Derek looks at him for a long moment, then says, “He didn’t bring her.”

Stilinski frowns. “How do you know?”

“I just know. I know Peter. He wouldn’t . . . make a connection like that with a stranger.”

“She wasn’t a stranger, she had been his nurse for years – ”

“She wasn’t pack. That makes her a stranger.”

“Well, she’s not at her house or her work, and her car is missing.”

“Then she’s dead,” Derek says. He shakes his head and walks away.

Sheriff Stilinski frowns thoughtfully after him for a minute, then radios Burrell. “Have the dogs check the nurse’s house.”

They get a hit there, too.

It’s near dawn, and he’s exhausted, and there have been no signs of his son, when another officer, Mark Thorne, finds him in the break room, drinking coffee and trying desperately to keep himself together. “Sheriff?” he says, cautiously. “There’s been a murder. In Redding.”

Sheriff Stilinski groans and resists the urge to ask ‘what else can go wrong tonight’ before the important part of the statement sets in. Redding is two hours away. It’s not in his county, and therefore not his jurisdiction. “That’s terrible, but why are you telling me?”

“Because it looks like Peter Hale was the murderer,” Thorne says. “And – well, you’d better watch the tape.” He ushers Sheriff Stilinski back into the rest of the station, hovering near him like he’s afraid he might just collapse. Burrell is setting up the television with the surveillance footage. “This video was taken at about eleven PM,” he says. “The precinct over there sent it over.”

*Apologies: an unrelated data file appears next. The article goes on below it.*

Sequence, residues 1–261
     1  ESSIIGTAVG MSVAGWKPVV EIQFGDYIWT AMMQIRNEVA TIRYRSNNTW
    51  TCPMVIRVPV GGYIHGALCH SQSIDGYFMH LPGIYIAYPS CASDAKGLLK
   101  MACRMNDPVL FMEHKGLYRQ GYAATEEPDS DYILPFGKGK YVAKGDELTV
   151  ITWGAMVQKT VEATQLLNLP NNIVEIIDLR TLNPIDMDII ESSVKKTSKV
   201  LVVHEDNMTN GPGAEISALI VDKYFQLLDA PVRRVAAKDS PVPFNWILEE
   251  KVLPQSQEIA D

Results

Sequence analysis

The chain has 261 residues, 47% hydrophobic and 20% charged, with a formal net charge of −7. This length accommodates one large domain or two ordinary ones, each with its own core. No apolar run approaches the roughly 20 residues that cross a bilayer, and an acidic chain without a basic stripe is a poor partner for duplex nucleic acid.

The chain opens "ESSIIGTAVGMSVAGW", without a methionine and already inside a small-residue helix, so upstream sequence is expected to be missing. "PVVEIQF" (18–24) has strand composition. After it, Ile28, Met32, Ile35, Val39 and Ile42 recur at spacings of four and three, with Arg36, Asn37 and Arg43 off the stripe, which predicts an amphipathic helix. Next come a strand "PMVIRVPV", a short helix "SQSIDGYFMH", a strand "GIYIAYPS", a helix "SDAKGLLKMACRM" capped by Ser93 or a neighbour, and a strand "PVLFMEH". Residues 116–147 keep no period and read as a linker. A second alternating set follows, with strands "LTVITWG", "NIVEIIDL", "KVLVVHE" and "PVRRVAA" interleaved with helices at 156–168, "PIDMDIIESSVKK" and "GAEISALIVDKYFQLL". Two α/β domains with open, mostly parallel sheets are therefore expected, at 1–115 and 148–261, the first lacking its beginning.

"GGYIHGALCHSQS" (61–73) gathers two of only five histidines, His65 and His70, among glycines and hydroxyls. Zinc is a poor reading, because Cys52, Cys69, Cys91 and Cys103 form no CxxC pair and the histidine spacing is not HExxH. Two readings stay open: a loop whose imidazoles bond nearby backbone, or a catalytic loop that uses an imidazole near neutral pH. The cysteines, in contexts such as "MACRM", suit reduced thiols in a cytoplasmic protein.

Stilinski nods and takes another gulp of his coffee, eyes trained on the screen, and then the cup falls from nerveless fingers as Stiles pushes his way into the store. “Stiles,” he whispers. His son. Alive and whole, at least as of eleven PM. The cadaver dogs must have been smelling the nurse’s body, not his.

He’s clearly nervous, glancing repeatedly at the door while he exchanges a few quick words with the clerk.

“No sound?” Stilinski asks.

Thorne shakes his head. “Video only. What do you think they’re talking about?”

“If I know Stiles – and I usually do – he’s asking to use the phone.” On the screen, Stiles’ head jerks around as Peter comes in. “Jesus, he’s not even burned,” Stilinski mumbles. He thinks Scott had mentioned that, but it hadn’t sunk in. He tries not to look at Stiles’ face. It hurts to see that trapped, desperate look. But he sees just as clearly as the clerk does when Stiles mouths ‘please’, just before Peter comes up to the counter.